Russia’s war in Ukraine is a ‘watershed moment’ for climate crisis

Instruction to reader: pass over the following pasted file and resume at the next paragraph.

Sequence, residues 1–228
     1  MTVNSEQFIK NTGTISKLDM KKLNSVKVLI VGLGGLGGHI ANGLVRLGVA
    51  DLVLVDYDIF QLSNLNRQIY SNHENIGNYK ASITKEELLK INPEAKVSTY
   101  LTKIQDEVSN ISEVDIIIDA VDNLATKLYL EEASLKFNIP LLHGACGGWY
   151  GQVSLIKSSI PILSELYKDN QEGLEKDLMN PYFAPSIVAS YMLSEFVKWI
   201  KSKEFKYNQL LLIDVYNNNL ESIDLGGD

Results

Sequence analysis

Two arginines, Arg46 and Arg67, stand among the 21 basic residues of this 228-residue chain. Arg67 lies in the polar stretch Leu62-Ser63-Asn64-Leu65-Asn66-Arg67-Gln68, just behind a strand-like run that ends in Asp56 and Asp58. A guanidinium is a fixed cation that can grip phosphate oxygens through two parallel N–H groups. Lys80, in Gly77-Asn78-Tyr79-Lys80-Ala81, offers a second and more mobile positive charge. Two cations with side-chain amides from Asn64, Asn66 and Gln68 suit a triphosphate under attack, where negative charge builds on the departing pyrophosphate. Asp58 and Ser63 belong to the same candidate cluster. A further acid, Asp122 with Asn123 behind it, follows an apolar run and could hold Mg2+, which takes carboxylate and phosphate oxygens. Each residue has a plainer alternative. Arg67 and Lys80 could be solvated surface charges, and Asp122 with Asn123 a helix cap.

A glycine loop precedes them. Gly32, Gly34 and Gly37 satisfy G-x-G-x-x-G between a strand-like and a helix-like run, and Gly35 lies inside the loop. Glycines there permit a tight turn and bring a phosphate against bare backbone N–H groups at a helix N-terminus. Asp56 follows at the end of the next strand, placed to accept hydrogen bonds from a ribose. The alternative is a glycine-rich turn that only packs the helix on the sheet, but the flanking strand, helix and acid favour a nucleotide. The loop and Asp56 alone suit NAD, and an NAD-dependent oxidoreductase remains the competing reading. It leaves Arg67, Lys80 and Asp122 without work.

clock Rising energy prices and mounting inflation have triggered a crisis of short-termism in some Western capitals. Fears over economic contraction have compelled Germany, Europes biggest economy, to toe an awkward line on weaning itself off Russian oil and gas. In a panic over the coming midterm elections, the Biden administration is prioritizing efforts to lower prices at the pump, angering environmental campaigners who fear Bidens climate commitments are falling to the wayside . The Russian war in Ukraine has only intensified economic pressures. This past week, the International Monetary Fund revised its global growth forecasts for this year by almost a whole percentage point. The war adds to the series of supply shocks that have struck the global economy in recent years, the IMF stated in a report . Like seismic waves, its effects will propagate far and wide through commodity markets, trade, and financial linkages. More waves are likely to come, with the wars conclusion far from sight. Some leading Western policymakers insist now is the moment to speed, not slowdown, their countries transitions away from fossil fuels. We are at a watershed moment from the geopolitical and economic point of view, Nadia Calvino, Spains minister of the economy and first deputy prime minister, told Todays WorldView. VP @NadiaCalvino : We have been able to deliver a response to try to minimize the negative impact of the war. The agreement to establish the Resilience and Sustainability Trust, the @IMFNews will financially support countries seeking to address longer-run structural challenges pic.twitter.com/jiocsQ3APJ We should be prepared for gas and other energy prices to be higher than before the pandemic, she said during a Friday interview in Washington, where she was chairing a meeting of finance ministers and central bankers who advise the IMF. Theres a very clear message coming from the current situation: We need to accelerate the deployment of renewable energy. It is the cheapest and cleanest energy source, and it also ensures strategic autonomy. The war in Ukraine underscores a moment of democratic crisis Thats rhetoric echoed across the West. The German Greens, now part of the countrys ruling coalition, lashed out at previous governments for not working faster to unmoor Germanys economy from Russian fossil fuels. Energy policy is always power policy, is always interest policy, is therefore always security policy, Robert Habeck, Germanys economy and climate minister, said at the end of last month . And if you look back, you almost cant understand how we could be so blind to overlook that. Of course, the business of this transition is one of the most complex and vexing matters of 21st century geopolitics. Even as the United States and European countries slowly move to decarbonize their economies, they are driving billions of dollars in new, near-term investment in fossil fuels. After it placed an import ban on Russian oil, the Biden administration has been desperately trying to coax countries like Venezuela and Saudi Arabia to pump more oil into the market to offset the difference and mitigate price hikes. We dont really have a choice, said Calvino, pointing to the scale of the climate crisis. We have to accelerate the green transition, but it is important that its a fair transition. Spain is arguably ahead of the curve. The current center-left government has set a target of getting two-thirds of the countrys electricity from renewable sources by 2026. It negotiated a pact with trade unions and energy companies to essentially retire the countrys entire coal industry, a process made just by massive amounts of new government investment in mining communities and in the creation of alternate jobs. In a landmark initiative, Spains government now will deploy billions of dollars in funding from the European Unions coronavirus recovery fund to boost its renewables sector, flood the country with new electric vehicles and charging stations, and rehabilitate Spains buildings to make them more energy efficient, among other things. Energy saving actions by EU citizens could save enough oil to fill 120 super tankers & enough gas to heat 20 million homes and save a typical EU household an average of nearly 500 a year Read our new plan with @EU_Commission on the steps you can take: https://t.co/0TiVtOzeQV pic.twitter.com/wiVDCGSPFg Efforts like this, of course, do little to offset more immediate pressures. As the war in Ukraine drags on, European officials are urging ordinary citizens to change their daily habits to reduce their societies dependence on the Russian energy supply. The European Commission advised its citizens last week to work from home and take other simple steps that could help Ukraine by cutting the E.U.s reliance on Russian fuel, and also ... reduce greenhouse gas emission. By some estimates, the E.U. still spends $450 million a day to Russia for oil and $400 million per day for natural gas. Public horror at Russian actions in Ukraine may chip away at that figure. Maria Pastukhova, a Berlin-based senior policy adviser at the independent climate change think tank E3G, told my colleagues that the E.U. guidance could really work now because citizens across Europe are appalled [over] whats happening in Ukraine and want to do something, but this is a crisis situation. Ultimately, though, its about governance. Even if many Europeans adhered to the recommendations, Pastukhova said, they wouldnt hold for long without clear policies and are not sustainable.